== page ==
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Friday, December 17, 2010

using info from Facebook when hiring

A reader writes:

What do other hiring managers do when prospective employees post on Facebook about their interview? Yesterday, I conducted phone interviews for an entry-level library technician position. One of the people I was set to interview came to the library in person (45 minutes early), somehow missing that it was a phone interview, not an in-person interview. I told him I would have to keep it a phone interview, even though he was in the library, to level the playing field. Then, the interview before his went long and we called him 10 minutes late.

He posted all of this on Facebook a few hours later. The library world is not that big and my co-worker down the hall came to me and told me about it because she is friends with him on Facebook. (They are not friends in "real life.") She happens to know him because they worked together at a different library 12 years ago. She said she would not recommend hiring him because he has anger management issues.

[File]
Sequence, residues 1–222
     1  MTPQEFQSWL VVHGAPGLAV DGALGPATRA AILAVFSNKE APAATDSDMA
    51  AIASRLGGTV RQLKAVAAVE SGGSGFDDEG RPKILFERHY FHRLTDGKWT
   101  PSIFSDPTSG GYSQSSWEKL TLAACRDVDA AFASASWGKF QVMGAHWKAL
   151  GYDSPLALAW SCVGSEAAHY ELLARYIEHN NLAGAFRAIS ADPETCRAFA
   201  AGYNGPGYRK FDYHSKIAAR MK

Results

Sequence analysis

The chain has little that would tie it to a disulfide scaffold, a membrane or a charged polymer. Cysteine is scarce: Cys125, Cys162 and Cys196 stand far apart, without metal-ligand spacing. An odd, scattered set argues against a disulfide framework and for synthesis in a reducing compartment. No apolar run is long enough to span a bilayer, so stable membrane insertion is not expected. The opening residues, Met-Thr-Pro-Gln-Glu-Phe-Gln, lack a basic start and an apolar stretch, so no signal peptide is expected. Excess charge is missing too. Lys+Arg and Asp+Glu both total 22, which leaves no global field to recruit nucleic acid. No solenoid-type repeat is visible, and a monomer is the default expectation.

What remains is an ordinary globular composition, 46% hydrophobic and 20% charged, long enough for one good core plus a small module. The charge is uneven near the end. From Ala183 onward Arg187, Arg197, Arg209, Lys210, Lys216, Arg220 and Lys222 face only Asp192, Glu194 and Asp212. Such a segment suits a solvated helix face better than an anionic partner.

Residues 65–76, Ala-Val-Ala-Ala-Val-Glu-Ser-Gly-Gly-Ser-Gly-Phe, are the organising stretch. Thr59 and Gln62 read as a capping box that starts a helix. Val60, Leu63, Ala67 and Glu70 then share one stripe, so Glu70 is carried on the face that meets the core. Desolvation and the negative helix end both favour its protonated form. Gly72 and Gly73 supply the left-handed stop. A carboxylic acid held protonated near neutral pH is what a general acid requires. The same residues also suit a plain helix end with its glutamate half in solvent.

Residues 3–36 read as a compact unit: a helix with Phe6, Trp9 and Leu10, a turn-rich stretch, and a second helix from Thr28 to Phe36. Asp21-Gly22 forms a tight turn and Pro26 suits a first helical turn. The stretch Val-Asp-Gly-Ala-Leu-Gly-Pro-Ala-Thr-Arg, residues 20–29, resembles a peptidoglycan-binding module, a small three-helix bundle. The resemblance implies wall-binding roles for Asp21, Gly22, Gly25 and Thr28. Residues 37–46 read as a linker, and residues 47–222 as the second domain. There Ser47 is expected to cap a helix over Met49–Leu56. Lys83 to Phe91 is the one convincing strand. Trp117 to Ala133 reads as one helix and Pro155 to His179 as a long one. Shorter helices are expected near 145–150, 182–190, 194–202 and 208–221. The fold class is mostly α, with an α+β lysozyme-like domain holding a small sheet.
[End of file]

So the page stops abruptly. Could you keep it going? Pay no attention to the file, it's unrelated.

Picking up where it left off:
His interview was okay - not excellent. But, how do I reconcile all of this outside information (making me or the library look unprofessional, his anger management issues)? I wouldn't have known these things if it weren't for Facebook.

Also, what happens when an interviewee sends you a friend request? This is for a different interviewee, but I'm inclined to ignore it.

Well, first of all, you don't want to hire this guy, even aside from the Facebook info. He showed up in-person for a phone interview; what kind of attention to detail and general comprehension do you think he's going to have on the job? Plus, his interview was "okay, not excellent," and you don't want to hire people who are, at best, mediocre. So you shouldn't hire this guy anyway.